Berlin Fashion News. Belgium + Berlin = Return To Creativity

ZoneModa Journal. Vol.8 n.2 (2018)
ISSN 2611-0563

Berlin Fashion News.
Belgium + Berlin = Return To Creativity

Lucia BalestriUniversità di Bologna (Italy)

Graduated in Fashion Culture and Management at the University of Bologna in 2018, she currently lives and works in Berlin in the field of brand design, fashion communication and events. Previously graduated in Architecture in 2012, she held her own design practice during four years.

Published: 2018-12-21

Keywords: Exhibition; Berlin; Belgium; German fashion; Fashion Designer.

Six fashion designers, two based in Berlin and four based in Belgium, were given the opportunity to showcase their creative visions with a focus on wool in Berlin, during the German Press Days on the 18th and 19th of November 2018, in the gallery space of the Bikini Berlin shopping centre (Fig. 1). The exhibition was organized by the Flanders District of Creativity together with the German Fashion Council and it was supported by The Wollmark Company. It consisted of a B2B event, to which only the press and relevant trade visitors could have access.

Figure 1 – Exhibition entrance
Figure 1 – Exhibition entrance
Figure 2 – Tape bands on the floor
Figure 2 – Tape bands on the floor

The showcased designers were Christian Wijnants (Antwerp), I Love Mr. Mittens (Antwerp), William Fan (Berlin), Wali Mohammed Barrech (Antwerp), Daniel Andresen (Antwerp) and Ester Perbandt (Berlin). They were invited to freely represent their creative work with an artistic installation, for which they would have a dedicated area. Visitors were led through the exhibition open space footprint by six tape bands running parallel to each other on the floor (Fig. 2). Every tape had the name of a designer printed on it and drove to each of the designated designers’ zones.

Christian Wijnants exposed ten free-standing large-scale prints of his collection lookbook (Fig. 3 and 4); the different dimensions of the images conferred dynamicity to the series, where the subjects themselves were playing with a diverse range of scale, including close up to materials, still life elements and full body shots.

Figure 3 – Christian Wijnants
Figure 3 – Christian Wijnants
Figure 4 – Christian Wijnants
Figure 4 – Christian Wijnants

I Love Mr. Mittens opted to project a video, showing various hand knitting processing techniques, where one could see sixteen pair of hands working on a different knitwear (Fig. 5); the screening underlined the importance of handmade manufacturing as a key element for the label. In order to emphasise even more the uniqueness of each garment, the designer staged an installation of hanging outfits next to some overthrown shopping cart (Fig. 6), as a clear juxtaposition of the elevated handmade garment compared to mass produced objects.

Figure 5 – I Love Mr. Mittens
Figure 5 – I Love Mr. Mittens
Figure 6 – I Love Mr. Mittens
Figure 6 – I Love Mr. Mittens

William Fan designed an installation where clothes were arranged on the floor and on mannequins (Fig. 7). The unusual arrangement of the fashion objects, treated as conglomerated material, diverted attention from shapes and pushed the visitor to focus on the fabrics, their textures and colours. Wali Mohammed Barrech put on display his products on pedestals, in front of their same leather decorations exhibited on canvas (Fig. 8); the trimmings on the wall were bigger though, and made the products look as miniatures of the art pieces.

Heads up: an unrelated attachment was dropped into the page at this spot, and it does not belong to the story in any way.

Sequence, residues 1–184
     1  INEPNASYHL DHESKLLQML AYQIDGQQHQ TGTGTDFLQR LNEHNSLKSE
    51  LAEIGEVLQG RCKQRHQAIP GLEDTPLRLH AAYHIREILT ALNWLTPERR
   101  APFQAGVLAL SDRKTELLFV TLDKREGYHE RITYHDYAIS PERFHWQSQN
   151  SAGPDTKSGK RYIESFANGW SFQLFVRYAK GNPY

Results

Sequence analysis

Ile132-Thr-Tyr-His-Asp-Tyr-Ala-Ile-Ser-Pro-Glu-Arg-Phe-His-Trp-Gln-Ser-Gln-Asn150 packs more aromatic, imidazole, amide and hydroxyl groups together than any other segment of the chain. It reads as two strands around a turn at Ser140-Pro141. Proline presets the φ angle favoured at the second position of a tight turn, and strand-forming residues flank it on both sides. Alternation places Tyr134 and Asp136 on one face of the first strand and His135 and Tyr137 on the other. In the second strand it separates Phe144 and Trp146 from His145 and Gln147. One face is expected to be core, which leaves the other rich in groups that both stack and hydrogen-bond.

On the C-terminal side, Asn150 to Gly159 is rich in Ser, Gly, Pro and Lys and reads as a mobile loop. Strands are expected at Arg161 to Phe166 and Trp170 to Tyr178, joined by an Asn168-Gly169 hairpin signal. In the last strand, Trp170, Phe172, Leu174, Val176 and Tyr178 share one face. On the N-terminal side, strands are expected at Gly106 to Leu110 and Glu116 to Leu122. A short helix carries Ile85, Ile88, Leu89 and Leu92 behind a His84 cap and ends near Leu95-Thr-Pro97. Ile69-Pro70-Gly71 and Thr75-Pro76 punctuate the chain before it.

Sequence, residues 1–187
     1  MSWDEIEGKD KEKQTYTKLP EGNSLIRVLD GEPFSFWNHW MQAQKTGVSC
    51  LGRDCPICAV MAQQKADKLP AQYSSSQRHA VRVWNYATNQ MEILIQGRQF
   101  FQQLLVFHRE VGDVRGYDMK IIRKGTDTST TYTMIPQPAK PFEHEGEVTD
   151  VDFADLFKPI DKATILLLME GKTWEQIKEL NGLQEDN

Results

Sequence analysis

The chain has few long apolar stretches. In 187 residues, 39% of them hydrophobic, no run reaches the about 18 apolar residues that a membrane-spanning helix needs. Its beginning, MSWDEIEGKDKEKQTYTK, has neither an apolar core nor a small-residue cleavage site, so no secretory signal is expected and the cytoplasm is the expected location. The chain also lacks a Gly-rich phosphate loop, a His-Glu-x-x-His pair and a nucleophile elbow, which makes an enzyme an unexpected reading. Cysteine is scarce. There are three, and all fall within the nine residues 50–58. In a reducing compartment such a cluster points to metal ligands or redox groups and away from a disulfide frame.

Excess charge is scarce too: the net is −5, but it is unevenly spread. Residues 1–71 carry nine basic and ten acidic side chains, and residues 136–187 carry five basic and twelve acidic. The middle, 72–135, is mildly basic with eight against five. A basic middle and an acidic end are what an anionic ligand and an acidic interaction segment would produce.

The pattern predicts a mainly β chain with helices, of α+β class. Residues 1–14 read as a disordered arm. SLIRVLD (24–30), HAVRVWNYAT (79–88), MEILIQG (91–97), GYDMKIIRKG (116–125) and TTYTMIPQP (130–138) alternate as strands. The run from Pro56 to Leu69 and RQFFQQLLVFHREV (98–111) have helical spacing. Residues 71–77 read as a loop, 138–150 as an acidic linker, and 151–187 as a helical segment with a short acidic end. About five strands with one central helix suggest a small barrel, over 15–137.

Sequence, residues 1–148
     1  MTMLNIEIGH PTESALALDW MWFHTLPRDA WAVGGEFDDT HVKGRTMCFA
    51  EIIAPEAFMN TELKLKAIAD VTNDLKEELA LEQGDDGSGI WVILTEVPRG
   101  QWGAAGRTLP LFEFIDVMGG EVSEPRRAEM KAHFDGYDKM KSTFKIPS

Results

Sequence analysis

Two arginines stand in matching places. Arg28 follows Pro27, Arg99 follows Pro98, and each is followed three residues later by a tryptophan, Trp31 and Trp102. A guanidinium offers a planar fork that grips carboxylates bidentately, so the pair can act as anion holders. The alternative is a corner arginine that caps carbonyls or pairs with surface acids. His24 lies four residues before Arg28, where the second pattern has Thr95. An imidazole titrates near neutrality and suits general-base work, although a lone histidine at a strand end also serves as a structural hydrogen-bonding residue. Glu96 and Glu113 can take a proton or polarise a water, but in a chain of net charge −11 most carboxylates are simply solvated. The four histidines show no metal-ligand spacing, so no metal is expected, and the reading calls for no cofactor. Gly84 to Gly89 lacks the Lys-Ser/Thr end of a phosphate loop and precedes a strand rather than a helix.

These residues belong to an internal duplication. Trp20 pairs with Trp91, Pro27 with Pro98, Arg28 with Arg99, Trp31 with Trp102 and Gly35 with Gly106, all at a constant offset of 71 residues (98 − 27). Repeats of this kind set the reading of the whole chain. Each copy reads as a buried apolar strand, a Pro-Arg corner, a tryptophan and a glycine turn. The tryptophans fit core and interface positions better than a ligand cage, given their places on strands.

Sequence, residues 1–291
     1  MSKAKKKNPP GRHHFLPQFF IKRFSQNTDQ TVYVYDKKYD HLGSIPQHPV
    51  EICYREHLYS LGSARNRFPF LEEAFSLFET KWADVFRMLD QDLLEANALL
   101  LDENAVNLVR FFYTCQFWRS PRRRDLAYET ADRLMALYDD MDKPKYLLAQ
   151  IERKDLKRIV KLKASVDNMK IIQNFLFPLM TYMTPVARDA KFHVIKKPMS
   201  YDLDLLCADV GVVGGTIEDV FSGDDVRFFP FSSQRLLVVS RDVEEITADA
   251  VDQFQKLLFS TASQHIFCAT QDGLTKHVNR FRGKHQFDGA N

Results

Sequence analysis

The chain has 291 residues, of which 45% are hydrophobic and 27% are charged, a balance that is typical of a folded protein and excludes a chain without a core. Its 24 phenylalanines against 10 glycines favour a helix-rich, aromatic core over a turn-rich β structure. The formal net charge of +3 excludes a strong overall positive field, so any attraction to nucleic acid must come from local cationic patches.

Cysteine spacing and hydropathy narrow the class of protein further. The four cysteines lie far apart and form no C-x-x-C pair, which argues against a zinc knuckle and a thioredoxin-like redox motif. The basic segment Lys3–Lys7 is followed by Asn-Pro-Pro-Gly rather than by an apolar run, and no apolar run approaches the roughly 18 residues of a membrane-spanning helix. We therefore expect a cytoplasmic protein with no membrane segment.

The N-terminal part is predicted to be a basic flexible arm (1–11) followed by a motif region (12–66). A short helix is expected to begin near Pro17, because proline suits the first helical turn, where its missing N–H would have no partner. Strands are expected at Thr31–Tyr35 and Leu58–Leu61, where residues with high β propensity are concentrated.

Figure 7 – Michael Fan
Figure 7 – Michael Fan
Figure 8 – Wali Mohammed Barrech
Figure 8 – Wali Mohammed Barrech

Daniel Andresen hanged his knitwear pieces in the air and lit them from underneath (Fig. 9): as a result, one could appreciate both the loose cut of the garments and the weft of the fabrics, thanks to the play of light and shadows. They looked like spirits dancing in the air to the sound of the knitting machines. Esther Perbandt created an art installation where she overlapped pieces of black garments onto a canvas (Fig. 10). Placing together different materials of the same colour allows to better appreciate their grain and structure and to notice how the dye behaves variably depending on the fabric.

Figure 9 – Daniel Andresen
Figure 9 – Daniel Andresen
Figure 10 – Esther Perbandt
Figure 10 – Esther Perbandt

The six installation provided a glimpse on the importance of the materials used for the collections and on the manufacturing process. According to the briefing they were given, to focus on wool, the designers showcased their collections with a clear-cup perspective on fabric. In addition to the art installations, all the designers also showcased their products on clothes racks (Fig. 11 and 12), so that visitors could see the garments more in detail. This element highlighted the physicality of the collections, allowing people to touch and feel them and created an interesting contrast between the art pieces and the fashion products. Even if they consisted of the exact same pieces of garment, the way they were exhibited made visitors experience them in two completely different ways. The products showcased in a museum-like set entered in the realm of art and were considered as untouchable, visitors only experienced them from a certain distance, admiring the designers’ installations. On the other hand, products hanging on racks were recognized as something closer, intelligible and accessible. It has to be kept in mind that the event was organized by the Flanders district of creativity and the German Fashion Council, two organizations that support, promote and connect the fashion industries, and promoted by the Wollmark Company, the global authority on wool. The aim of the exhibition was to support creativity and talented potential, showing the artistic side of fashion, through installations, but also pushing international Wollmark prize locally and highlighting craftmanship, through the showcase of garments.